New Fiction: About the Game
There is a toddler holding a small orange Wiffle bat in the hallway of a house that may be yours. What is at peril will be based on your gender and social class when you meet that toddler in the hallway.
If you are a male, you will hope no cameras are around to capture the toddler's impression of Alex Rodriguez during the 2004 ALCS, swinging and chopping at everything that's round and pallid. If you are also poor, you will wish you could afford a camera, make money the 1980s way.
If you are a female, there are probably picture frames on the wall in the hallway. The thump against the wall will be enough to break the photo of you and the toddler on its first birthday wearing cake like a grin out of the K-Mart phantom zone. You will have to hold the toddler away from the crop of glass, whether you are poor or not.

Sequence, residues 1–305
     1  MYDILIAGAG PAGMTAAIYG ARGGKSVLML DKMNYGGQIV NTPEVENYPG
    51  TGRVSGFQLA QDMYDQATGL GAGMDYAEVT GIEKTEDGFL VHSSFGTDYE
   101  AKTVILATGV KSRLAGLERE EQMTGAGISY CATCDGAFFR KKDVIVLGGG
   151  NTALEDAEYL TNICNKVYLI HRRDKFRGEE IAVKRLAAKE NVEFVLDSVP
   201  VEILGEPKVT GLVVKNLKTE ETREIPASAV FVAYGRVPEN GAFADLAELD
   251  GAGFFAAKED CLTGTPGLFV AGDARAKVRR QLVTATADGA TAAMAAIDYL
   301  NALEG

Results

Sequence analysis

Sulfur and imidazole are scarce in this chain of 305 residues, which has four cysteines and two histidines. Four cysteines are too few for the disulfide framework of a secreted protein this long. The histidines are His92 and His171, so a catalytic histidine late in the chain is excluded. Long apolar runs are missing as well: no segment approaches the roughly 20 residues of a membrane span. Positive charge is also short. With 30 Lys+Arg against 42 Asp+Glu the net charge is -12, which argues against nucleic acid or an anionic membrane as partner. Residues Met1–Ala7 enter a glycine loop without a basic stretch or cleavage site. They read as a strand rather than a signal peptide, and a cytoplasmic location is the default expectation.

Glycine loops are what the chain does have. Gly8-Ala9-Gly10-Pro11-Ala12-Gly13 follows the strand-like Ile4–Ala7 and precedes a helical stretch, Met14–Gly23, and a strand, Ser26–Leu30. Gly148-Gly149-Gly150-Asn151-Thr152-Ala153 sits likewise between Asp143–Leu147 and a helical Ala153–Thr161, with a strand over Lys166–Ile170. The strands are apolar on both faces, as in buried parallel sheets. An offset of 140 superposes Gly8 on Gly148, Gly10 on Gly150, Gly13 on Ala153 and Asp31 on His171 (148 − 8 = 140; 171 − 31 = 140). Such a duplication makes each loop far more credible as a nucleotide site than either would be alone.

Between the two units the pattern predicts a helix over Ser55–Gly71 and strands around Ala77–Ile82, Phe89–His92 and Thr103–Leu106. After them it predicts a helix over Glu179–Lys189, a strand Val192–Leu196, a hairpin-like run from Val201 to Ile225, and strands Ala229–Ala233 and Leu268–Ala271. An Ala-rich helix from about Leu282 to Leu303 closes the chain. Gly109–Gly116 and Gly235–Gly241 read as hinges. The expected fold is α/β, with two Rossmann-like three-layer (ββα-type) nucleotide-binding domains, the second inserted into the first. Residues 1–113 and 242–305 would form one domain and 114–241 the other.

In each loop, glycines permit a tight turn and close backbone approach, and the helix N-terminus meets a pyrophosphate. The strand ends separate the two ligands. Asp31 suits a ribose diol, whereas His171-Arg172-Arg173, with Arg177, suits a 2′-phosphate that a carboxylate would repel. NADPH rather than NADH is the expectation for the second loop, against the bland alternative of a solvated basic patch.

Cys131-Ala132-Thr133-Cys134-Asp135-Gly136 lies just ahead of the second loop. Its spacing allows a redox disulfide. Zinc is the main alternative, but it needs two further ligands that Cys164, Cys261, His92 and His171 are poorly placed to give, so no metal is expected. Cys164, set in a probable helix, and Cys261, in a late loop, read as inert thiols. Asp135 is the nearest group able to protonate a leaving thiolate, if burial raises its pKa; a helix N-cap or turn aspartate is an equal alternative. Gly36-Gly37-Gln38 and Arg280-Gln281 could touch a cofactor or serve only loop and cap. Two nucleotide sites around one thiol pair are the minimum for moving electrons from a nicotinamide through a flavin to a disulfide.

If you are a hermaphrodite, you will never be in peril.
According to the rules of Wiffle ball, an ordinary broom handle serves as a suitable substitute in the event a Wiffle bat is not readily available. In this case, how does who you are affect how much peril you might place yourself in? How many runs will the toddler score? How will your body keep track?
J. Bradley is the author of Dodging Traffic (Ampersand Books, 2009) and The Serial Rapist Sitting Behind You is a Robot (Safety Third Enterprises, 2010). He is the Interview Editor of PANK Magazine and lives at iheartfailure.net.